Kafka is async

Kafka is made for asynchronous communication. It’s fire and forget. Once a message is published by a producer, the producer doesn’t expect a response and will move to doing some other task.

The consumer consumes the message at its will and doesn’t respond back to the producer.

Ideally, this should be the case. Synchronous communication requires synchronous mediums and Kafka is not one.

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However, due to some reasons that I can’t explain, I had to develop a request-response scenario with Kafka. Here’s how I did it.

Correlating request and response

Each message sent by a producer would include a unique correlation-id. Once the message is received and processed by the consumer, it will publish a response message back to Kafka with the same correlation-id.

This way the producer can correlate request and response.

Implementation details

Suppose we have two microservices, Service A and Service A. Service A is accessible via REST API. Whenever a request is made on Service A via REST, the service publishes a message on Kafka. The Service A is another microservice that processes the request and its own time. Service A is not aware of whether Service A has processed the request or not.

Note: Service A is the producer and Service A is the consumer.

Now, we receive a requirement that Service A should also respond with status of what happened on Service A

To make it request a response, Service A will also publish a message back to a Kafka, and Service A will consume it. In the meantime, Service A should wait for Service A to publish the message. Once Service A receives the message from B, it can respond back to the rest request.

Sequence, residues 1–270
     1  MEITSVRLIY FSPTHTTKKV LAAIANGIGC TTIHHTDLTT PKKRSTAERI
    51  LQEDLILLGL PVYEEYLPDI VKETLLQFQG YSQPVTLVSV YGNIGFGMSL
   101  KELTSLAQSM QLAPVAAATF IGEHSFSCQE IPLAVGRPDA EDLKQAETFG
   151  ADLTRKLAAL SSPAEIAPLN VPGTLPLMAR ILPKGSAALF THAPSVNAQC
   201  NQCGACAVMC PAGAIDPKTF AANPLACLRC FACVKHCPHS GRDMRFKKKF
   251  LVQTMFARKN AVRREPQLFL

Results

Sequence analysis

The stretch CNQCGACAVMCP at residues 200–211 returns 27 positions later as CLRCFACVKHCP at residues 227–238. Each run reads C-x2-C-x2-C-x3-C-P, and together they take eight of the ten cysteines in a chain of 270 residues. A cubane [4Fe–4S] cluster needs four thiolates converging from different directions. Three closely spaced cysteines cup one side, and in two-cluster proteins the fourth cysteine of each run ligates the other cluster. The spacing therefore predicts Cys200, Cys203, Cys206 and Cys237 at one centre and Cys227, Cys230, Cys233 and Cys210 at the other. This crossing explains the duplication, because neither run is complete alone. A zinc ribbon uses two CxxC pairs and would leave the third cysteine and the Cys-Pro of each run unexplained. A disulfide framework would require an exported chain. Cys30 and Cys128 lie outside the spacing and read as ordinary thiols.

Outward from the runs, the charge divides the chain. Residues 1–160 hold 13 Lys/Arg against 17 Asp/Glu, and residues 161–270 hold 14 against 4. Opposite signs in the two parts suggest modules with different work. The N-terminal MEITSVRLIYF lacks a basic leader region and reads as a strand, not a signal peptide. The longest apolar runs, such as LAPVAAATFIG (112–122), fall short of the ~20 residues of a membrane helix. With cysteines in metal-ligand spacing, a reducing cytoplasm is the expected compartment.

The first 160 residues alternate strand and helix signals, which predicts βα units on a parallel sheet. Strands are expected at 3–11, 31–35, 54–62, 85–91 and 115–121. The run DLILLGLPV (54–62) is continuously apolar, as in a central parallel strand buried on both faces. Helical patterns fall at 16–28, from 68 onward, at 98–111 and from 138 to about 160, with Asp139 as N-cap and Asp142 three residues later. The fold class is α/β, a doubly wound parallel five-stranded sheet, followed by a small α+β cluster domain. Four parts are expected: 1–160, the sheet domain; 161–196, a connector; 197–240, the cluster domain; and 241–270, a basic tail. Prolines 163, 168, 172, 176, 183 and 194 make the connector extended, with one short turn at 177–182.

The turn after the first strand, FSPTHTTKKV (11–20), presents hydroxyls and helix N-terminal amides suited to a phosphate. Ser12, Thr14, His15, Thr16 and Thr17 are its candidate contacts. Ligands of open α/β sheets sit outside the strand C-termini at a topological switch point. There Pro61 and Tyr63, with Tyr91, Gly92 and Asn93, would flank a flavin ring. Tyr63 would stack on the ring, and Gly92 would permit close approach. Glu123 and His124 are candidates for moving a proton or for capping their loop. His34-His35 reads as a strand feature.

The problem here is there can be many replicas of Service A and with Kafka, we can’t predict which consumer.

Here are the details: Suppose Service A: Node 1 publishes a message in Kafka. Now Service A: Node 1. Service A puts the response back into Kafka. But instead of Service A: Node 1 receiving the Kafka message, Service A: Node 2 receives the Kafka message. So, Service A: Node 1 will never receive the Kafka message.

There are two ways to fix this:

  1. Consumer Groups
  2. Cache

Consumer Group approach

Set a Kafka message key such that it’ll always be processed by one microservice. This approach is much harder.

Cache approach

When any node of Service A puts a Kafka message, it adds a correlation-id. The correlation-id is unique to the Kafka message that was put and the node that put it. i.e. no other node can generate the same correlation-id.

Now the Service A node will keep polling the shared cache to see it’s there is any data against the correlationKey. If it finds any data, it’ll respond back to the rest API.

When the Service A processes the Kafka message and puts its response back into Kafka, it’ll add the same correlation-id to the response.

When any Service A node receives the Kafka message it’ll put the message into a shared cache against the distribution key.

Here’s how the cache would be:

 "uniqueCorrelationKey": {data from kafka}

Since the Service A node is polling the shared cache it’ll find the data against its correlationKey and send that data to the client.

While implementing this, there may be a failure of Service A. In this case, Service A will also publish an error status as a kafka message against correlationKey.

Yet, it may happen that Service A is unable to publish the error status. In such a case, we should introduce a timeout. This could be a few seconds like 3 or 6 after which the waiting Service A will timeout and return a 503 Gateway Timeout.

And since we are adding things to the cache and that record will not be used after the timeout, we should evict the cache after the timeout time.